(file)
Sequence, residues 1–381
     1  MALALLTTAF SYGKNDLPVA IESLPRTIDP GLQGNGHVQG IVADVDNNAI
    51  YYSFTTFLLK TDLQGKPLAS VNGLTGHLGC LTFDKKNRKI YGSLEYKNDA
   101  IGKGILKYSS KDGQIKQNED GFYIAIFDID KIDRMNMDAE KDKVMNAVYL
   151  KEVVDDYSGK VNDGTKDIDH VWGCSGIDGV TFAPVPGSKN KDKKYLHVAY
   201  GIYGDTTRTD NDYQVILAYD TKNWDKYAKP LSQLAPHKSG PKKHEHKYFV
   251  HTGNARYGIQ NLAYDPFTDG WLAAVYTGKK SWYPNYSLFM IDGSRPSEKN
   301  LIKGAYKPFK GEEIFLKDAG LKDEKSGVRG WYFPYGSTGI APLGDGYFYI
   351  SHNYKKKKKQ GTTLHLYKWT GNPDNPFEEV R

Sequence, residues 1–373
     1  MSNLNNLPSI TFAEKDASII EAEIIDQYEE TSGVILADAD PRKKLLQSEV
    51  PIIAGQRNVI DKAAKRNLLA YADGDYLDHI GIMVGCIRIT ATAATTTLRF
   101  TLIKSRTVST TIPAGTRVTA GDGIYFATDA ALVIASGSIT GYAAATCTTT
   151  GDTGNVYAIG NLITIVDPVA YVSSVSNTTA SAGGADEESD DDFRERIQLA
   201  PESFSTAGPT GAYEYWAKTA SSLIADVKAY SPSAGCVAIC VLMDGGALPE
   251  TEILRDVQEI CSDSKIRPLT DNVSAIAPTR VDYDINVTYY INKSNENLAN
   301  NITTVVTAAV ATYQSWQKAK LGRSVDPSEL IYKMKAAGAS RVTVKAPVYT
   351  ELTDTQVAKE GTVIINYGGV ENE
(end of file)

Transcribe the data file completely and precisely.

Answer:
Sequence, residues 1–381
     1  MALALLTTAF SYGKNDLPVA IESLPRTIDP GLQGNGHVQG IVADVDNNAI
    51  YYSFTTFLLK TDLQGKPLAS VNGLTGHLGC LTFDKKNRKI YGSLEYKNDA
   101  IGKGILKYSS KDGQIKQNED GFYIAIFDID KIDRMNMDAE KDKVMNAVYL
   151  KEVVDDYSGK VNDGTKDIDH VWGCSGIDGV TFAPVPGSKN KDKKYLHVAY
   201  GIYGDTTRTD NDYQVILAYD TKNWDKYAKP LSQLAPHKSG PKKHEHKYFV
   251  HTGNARYGIQ NLAYDPFTDG WLAAVYTGKK SWYPNYSLFM IDGSRPSEKN
   301  LIKGAYKPFK GEEIFLKDAG LKDEKSGVRG WYFPYGSTGI APLGDGYFYI
   351  SHNYKKKKKQ GTTLHLYKWT GNPDNPFEEV R

Sequence, residues 1–373
     1  MSNLNNLPSI TFAEKDASII EAEIIDQYEE TSGVILADAD PRKKLLQSEV
    51  PIIAGQRNVI DKAAKRNLLA YADGDYLDHI GIMVGCIRIT ATAATTTLRF
   101  TLIKSRTVST TIPAGTRVTA GDGIYFATDA ALVIASGSIT GYAAATCTTT
   151  GDTGNVYAIG NLITIVDPVA YVSSVSNTTA SAGGADEESD DDFRERIQLA
   201  PESFSTAGPT GAYEYWAKTA SSLIADVKAY SPSAGCVAIC VLMDGGALPE
   251  TEILRDVQEI CSDSKIRPLT DNVSAIAPTR VDYDINVTYY INKSNENLAN
   301  NITTVVTAAV ATYQSWQKAK LGRSVDPSEL IYKMKAAGAS RVTVKAPVYT
   351  ELTDTQVAKE GTVIINYGGV ENE